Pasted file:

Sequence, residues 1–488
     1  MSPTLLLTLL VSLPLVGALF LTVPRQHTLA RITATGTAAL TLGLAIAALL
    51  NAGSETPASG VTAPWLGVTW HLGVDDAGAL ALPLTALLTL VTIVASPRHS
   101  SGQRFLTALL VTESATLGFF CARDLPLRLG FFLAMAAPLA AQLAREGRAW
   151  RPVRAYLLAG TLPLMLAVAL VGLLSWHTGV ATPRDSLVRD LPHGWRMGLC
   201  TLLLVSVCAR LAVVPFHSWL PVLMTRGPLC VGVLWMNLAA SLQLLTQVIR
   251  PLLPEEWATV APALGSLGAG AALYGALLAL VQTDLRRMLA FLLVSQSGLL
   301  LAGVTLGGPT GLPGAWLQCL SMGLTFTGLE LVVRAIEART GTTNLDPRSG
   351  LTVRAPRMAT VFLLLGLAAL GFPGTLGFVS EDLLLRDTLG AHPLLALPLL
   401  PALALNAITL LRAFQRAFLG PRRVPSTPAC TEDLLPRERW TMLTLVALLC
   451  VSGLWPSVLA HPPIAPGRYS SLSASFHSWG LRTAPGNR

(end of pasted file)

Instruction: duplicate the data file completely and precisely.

Sequence, residues 1–488
     1  MSPTLLLTLL VSLPLVGALF LTVPRQHTLA RITATGTAAL TLGLAIAALL
    51  NAGSETPASG VTAPWLGVTW HLGVDDAGAL ALPLTALLTL VTIVASPRHS
   101  SGQRFLTALL VTESATLGFF CARDLPLRLG FFLAMAAPLA AQLAREGRAW
   151  RPVRAYLLAG TLPLMLAVAL VGLLSWHTGV ATPRDSLVRD LPHGWRMGLC
   201  TLLLVSVCAR LAVVPFHSWL PVLMTRGPLC VGVLWMNLAA SLQLLTQVIR
   251  PLLPEEWATV APALGSLGAG AALYGALLAL VQTDLRRMLA FLLVSQSGLL
   301  LAGVTLGGPT GLPGAWLQCL SMGLTFTGLE LVVRAIEART GTTNLDPRSG
   351  LTVRAPRMAT VFLLLGLAAL GFPGTLGFVS EDLLLRDTLG AHPLLALPLL
   401  PALALNAITL LRAFQRAFLG PRRVPSTPAC TEDLLPRERW TMLTLVALLC
   451  VSGLWPSVLA HPPIAPGRYS SLSASFHSWG LRTAPGNR